Let me start this by saying this is not my first rodeo. I have worked for a fortune 500 company, small mom-and-pop operations, an internet start-up, publicly traded companies, and modest 50-person companies. In my 12 years in the workforce, I have interviewed with roughly 10 companies - some of which extended me a job offer, and others that didn't. The interview process was both lengthy, slow, and frustrating. A lot was asked of me, the applicant- time, money, and stress. The application for the Craft Designer position called for 12-16 work samples, which I provided along with my resume. About a week after submitting my resume, I got an email from a recruiter who scheduled a screening call. She ask me to pick a time were I had 45 minutes of free time. During our call, I was asked a set of roughly 30 questions that pertained to my skills, work experience, personality, and preferences. Next, she explained to meet that the next step in the process would be for me to do an at home test project. The call took an hour and fifteen minutes. Fast forward to two weeks later, I drove to the corporate office to pick up the test project. I had exactly three days to complete it, and it included the following four projects: 1) decorate a picture frame, 2) make some jewelry, 3) embroidery a sample, and 4) create a banner. They provided me with all of the materials, although I was told to buy a hot glue gun, scissors and a pencil to use. After I completed and turned in the project, I got another email from the recruiter about a week later asking if I could come in for a first interview and on-site test project. She told me I would have a group interview with assistant managers, and complete a 2 hour project. I arrived, and was led into a room with the four assistant managers, and a recruiter who facilitated the interview. They had pinned my test projects to a board. The recruiter would read the questions from the four-page packet, and I would answer them. The questions were the same questions from my first screening call, plus a few more. The assistant managers added in questions of their own, too. They were all beyond kind and made me feel very comfortable. The interview took about two hours. When it was complete, I was lead to a desk that was equipped with materials and was told to do three projects. I was given exactly two hours, and was escorted out by an HR associate when I was finished. I followed up with each of the assistant managers by sending hand-written thank-you notes, thanking them for their time and for allowing me to learn more about the company. About a week later, I was contacted by the same recruiter, who scheduled a second interview with me scheduled two weeks later. She explained to me I would have another group interview, this time with the department managers, and then I would be given a tour of the facility. I drove to the office, and was lead into the same meeting room. Sitting around the table were three managers, another recruiter, and then the same recruiter who had facilitated the first interview. My on-site test projects were pinned to the board, along with my take-home projects from the first interview. The recruiter proceeded to ask me the same questions from the 4-5 page packet. This time, however, the managers seemed cold, spoke very little, made no eye contact, and seemed to be checking their watches for the majority of the interview. about 40 minutes into the interview, one of the managers said the group would have to leave soon for a prior engagement, so we would need to "wrap things up." The recruiter asked if they had any questions for me, and they did. And honestly, I felt as if they were grilling me. I totally understand that probing questions are just part of the interview process, but I kind of felt like I was being asked to defend myself, my work, and my work experience. I also felt as though the managers had made up their mind about me before I had even arrived to the interview. And because the meeting was cut short, I was never actually able to present to them my test-project. The managers left, and the kind recruiter apologized on their behalf for having to cut the interview short. Another recruiter met me at the door and led me on a 10 minute tour of the facility. .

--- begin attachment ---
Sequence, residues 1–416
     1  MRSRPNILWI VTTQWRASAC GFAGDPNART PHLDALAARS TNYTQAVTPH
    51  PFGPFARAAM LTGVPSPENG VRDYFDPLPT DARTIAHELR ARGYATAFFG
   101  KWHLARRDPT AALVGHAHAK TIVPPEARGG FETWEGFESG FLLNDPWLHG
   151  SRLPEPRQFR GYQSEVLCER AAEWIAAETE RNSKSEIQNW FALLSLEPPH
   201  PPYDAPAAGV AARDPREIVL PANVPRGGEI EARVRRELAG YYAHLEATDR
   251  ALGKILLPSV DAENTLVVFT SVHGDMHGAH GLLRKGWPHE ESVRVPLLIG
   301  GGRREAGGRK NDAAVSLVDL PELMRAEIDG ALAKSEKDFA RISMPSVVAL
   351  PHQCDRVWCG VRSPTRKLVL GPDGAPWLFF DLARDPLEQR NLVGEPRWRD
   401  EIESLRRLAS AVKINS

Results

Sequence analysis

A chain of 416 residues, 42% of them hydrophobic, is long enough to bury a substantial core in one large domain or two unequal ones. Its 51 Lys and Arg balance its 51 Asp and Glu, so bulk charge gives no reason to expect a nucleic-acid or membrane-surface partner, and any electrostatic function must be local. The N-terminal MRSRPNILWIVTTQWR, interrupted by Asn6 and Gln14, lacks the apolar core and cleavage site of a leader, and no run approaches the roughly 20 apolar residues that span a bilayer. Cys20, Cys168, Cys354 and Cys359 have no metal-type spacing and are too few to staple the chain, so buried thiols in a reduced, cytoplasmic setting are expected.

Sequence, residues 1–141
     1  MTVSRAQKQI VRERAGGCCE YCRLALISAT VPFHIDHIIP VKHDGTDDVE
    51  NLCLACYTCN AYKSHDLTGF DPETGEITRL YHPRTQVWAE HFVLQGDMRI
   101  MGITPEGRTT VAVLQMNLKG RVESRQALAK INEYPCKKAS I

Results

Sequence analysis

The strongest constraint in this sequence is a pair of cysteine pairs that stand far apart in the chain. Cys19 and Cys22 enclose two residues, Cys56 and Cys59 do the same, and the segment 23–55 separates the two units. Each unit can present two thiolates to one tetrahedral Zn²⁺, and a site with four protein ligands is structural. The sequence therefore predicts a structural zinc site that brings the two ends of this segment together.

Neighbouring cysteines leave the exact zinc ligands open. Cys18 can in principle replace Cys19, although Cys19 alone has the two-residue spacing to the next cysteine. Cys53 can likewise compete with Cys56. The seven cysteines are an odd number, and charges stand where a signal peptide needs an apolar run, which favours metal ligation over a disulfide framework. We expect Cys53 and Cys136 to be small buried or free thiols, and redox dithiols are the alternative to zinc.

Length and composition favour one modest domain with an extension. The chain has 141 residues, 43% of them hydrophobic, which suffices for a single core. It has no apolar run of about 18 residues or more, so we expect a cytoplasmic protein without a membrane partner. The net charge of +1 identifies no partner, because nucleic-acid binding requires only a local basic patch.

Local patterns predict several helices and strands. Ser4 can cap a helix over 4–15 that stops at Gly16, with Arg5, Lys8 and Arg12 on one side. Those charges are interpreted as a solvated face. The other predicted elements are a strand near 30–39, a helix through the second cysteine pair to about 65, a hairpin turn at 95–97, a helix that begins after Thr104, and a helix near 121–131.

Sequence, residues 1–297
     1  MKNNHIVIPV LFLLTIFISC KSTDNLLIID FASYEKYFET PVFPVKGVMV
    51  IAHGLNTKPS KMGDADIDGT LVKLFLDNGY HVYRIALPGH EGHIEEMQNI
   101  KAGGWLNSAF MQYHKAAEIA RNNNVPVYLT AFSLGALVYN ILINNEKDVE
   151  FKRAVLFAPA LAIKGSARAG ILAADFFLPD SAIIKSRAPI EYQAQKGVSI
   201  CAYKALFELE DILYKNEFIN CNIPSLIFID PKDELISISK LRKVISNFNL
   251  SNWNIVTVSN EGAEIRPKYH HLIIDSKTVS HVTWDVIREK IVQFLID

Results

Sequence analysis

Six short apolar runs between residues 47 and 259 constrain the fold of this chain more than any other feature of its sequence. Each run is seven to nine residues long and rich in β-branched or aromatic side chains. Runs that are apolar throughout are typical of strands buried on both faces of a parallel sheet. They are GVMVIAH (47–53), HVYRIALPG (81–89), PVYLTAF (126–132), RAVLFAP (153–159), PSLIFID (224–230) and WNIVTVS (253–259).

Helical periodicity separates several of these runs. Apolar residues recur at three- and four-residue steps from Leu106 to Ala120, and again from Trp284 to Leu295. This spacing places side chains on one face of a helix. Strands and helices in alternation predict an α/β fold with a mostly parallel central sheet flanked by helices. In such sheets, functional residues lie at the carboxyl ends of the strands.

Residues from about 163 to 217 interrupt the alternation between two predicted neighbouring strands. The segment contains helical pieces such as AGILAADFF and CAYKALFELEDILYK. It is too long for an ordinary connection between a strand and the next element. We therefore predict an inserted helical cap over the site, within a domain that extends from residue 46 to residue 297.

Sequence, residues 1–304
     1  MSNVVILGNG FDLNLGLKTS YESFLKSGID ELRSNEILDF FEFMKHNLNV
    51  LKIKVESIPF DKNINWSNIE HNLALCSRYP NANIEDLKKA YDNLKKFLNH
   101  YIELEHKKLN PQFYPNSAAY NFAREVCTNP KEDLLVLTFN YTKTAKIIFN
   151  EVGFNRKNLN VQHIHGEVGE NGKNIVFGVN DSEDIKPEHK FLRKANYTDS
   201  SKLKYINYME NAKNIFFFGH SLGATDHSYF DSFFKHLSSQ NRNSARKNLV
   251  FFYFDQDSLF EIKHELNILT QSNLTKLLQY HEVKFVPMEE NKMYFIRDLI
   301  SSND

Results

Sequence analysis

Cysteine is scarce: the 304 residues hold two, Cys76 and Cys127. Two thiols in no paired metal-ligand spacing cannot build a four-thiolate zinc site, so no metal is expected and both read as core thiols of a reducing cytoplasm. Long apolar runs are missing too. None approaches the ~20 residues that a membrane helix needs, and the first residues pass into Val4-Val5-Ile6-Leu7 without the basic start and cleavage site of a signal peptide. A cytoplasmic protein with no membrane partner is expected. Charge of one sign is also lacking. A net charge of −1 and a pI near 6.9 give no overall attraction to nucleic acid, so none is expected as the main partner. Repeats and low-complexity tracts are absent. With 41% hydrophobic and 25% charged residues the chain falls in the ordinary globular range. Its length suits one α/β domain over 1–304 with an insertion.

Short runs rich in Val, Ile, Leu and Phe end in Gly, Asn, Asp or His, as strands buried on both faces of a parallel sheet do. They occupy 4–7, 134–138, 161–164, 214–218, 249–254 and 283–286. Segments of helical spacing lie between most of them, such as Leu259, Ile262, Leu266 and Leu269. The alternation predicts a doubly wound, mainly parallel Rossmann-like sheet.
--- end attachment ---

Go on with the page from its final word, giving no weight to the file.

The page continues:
- There was a packet of questions (yes, I did say packet) of about 4-5 pages. Each page had roughly 8-9 questions. I felt like I was being grilled, rather than interviewed. I wouldn't have minded it as much, but these same questions were asked in BOTH group interviews and the initial screening call. And while I appreciate their thoroughness, the job I was applying for was entry-level with a rather meek salary. I felt as though I was being vetted for a executive-level position. Answer Question